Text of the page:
5. Just made some. Used one of my secret spice blends and it was amazing! Better than tofu.

  6. Amazing – there are recipes that I have wanted to try and now I can! Thanks for sharing on Wellness Weekend!

  7. Wow this is so cool! I don’t have a problem with soy, though I try and keep my intake down, so this is great!

    Thanks for submitting it to Healthy Vegan Friday 🙂

  8. Hi Hilda,
    What a great recipe! Thanks for sharing it at Whole Food Fridays! I have to be really careful how much soy I eat, so this is something I would really like to try! 🙂

  9. While making dinner, I tried yet another recipe (Fish Sticks) from your book, and my daughter said she’d try them only because they were from your book (that’s how much we love it). I found myself thinking how much I wish you’d publish another one. So, I thought I’d check in on your blog, an low and behold, you’re working on another one. Any idea when it’ll be available in the USA?

    • 🙂

      Glad to hear your family likes the book so much.

      I am hoping to have the new book out by the end of October but have no definite release date for it at this stage, there is still some work to do on it so it may be a little longer. If you sign up to the mailing list on the right hand side of this page you’ll get my new blog posts sent to your email, and I will definitely be posting on here when it’s out so that is probably the best way of keeping up to date on the progress.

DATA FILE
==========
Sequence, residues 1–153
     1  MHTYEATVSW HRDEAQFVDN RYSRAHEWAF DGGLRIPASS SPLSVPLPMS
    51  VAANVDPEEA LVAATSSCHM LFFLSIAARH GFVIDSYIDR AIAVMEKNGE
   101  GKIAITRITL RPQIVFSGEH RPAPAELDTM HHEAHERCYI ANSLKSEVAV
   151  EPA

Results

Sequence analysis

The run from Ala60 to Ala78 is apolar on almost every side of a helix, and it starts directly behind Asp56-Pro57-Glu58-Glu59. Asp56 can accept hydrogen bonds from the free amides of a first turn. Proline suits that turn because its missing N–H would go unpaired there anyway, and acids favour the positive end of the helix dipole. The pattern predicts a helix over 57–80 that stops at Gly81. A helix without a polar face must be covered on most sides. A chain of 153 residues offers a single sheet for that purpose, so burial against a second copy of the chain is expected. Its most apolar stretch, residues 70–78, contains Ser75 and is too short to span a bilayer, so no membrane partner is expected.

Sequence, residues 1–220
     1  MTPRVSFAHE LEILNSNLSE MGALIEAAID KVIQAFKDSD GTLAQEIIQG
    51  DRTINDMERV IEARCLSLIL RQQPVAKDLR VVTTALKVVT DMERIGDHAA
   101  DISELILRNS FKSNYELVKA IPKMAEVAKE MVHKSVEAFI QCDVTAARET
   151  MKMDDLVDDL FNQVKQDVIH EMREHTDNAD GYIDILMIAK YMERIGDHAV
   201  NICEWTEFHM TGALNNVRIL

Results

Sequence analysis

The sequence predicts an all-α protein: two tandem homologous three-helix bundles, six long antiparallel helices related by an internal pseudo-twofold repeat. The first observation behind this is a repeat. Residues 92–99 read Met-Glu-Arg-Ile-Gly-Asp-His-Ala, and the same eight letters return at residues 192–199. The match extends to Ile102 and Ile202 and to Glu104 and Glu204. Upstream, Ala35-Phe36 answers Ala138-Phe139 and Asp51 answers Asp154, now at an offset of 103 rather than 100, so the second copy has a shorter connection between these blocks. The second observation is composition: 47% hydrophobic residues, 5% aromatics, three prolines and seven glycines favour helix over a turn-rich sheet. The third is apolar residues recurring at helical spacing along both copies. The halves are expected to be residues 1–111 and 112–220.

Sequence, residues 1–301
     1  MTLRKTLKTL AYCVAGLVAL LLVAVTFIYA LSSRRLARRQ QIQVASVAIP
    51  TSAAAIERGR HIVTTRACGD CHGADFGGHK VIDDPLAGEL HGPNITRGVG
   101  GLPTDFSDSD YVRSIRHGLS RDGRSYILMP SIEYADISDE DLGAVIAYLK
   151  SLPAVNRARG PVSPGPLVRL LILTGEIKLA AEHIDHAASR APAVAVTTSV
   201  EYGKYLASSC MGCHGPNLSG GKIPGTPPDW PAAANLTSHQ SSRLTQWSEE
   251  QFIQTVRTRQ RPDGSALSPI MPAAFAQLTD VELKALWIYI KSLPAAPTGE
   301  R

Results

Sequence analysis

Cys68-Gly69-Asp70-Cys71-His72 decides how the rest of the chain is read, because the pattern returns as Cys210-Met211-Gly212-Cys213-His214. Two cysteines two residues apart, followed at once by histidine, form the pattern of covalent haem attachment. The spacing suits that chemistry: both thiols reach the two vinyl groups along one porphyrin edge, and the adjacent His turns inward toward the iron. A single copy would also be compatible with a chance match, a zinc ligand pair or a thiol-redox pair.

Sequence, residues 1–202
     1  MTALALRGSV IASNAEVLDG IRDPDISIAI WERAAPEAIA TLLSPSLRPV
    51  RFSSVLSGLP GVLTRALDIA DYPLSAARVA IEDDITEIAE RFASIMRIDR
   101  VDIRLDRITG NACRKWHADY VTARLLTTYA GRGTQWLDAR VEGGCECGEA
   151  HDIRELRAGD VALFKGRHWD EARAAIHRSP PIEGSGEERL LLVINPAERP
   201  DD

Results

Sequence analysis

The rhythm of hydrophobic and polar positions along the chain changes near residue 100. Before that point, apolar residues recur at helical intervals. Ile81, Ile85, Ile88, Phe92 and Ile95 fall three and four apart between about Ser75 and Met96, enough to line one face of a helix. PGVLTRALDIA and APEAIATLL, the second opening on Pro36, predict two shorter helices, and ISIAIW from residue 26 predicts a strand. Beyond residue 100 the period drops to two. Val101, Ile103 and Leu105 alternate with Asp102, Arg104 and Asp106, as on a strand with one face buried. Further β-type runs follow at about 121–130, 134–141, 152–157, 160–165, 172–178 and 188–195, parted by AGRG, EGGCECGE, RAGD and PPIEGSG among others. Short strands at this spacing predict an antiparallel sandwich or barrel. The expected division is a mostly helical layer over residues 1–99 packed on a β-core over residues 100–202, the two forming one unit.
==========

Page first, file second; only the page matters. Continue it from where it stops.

10. Evra Inéz Reese

    Reblogged this on Atomic Vegan and commented:
    I will be trying this recipe tomorrow, and I’ll be frying it in an asian dish and cutting it up as fries/chips to go along with a lentil burger as a straight-protein meal! Hopefully Kim Snyder would be proud…

  11. classic recipe in the south of France….We call that Panisse….

  12. I am SO glad I came across this recipe! This is so easy and fun. I used it in a pot pie to bring to Christmas dinner at the house of a carnivorous family who all liked it, and the rest in a breakfast scramble the next day.

    It takes in flavor more quickly than tofu, and the texture is better. I avoid soy because it’s an iodine blocker and I am deficient, but miss how easy throwing meals together is when you have a block in the fridge. I will be making this weekly. Life-changing. Easier than seitan.

  13. Can I use the garbanzo bean/fava bean flour in this?

  14. Thank you so much for this!!! I’ve been trying to go vegan for a while now and it has been so hard with allergies to gluten and soy. Can’t wait to try this :))

  15. Hello;
    thank you for this, however, I get VERY sick on besan in any of the Bob’s mixes I have tried, and I cannot have dairy, soy, gluten, grapes and now, suddenly, potatoes. Can this be made from another flour, like rice, etc.? Thank you so much for speaking to those of us with food allergies.

  16. I stirred like crazy but the mixture went really lumpy in the pan – must have done something wrong 😦

    • What were you stirring with? And were you scraping the bottom of the pan while stirring, or just lightly stirring?

      I usually start stirring with a fork, and then once it starts to thicken change right away to a wooden spatula, making sure to scrape the bottom. There are some lumps to begin with, but after a short time it’s smooth and very thick.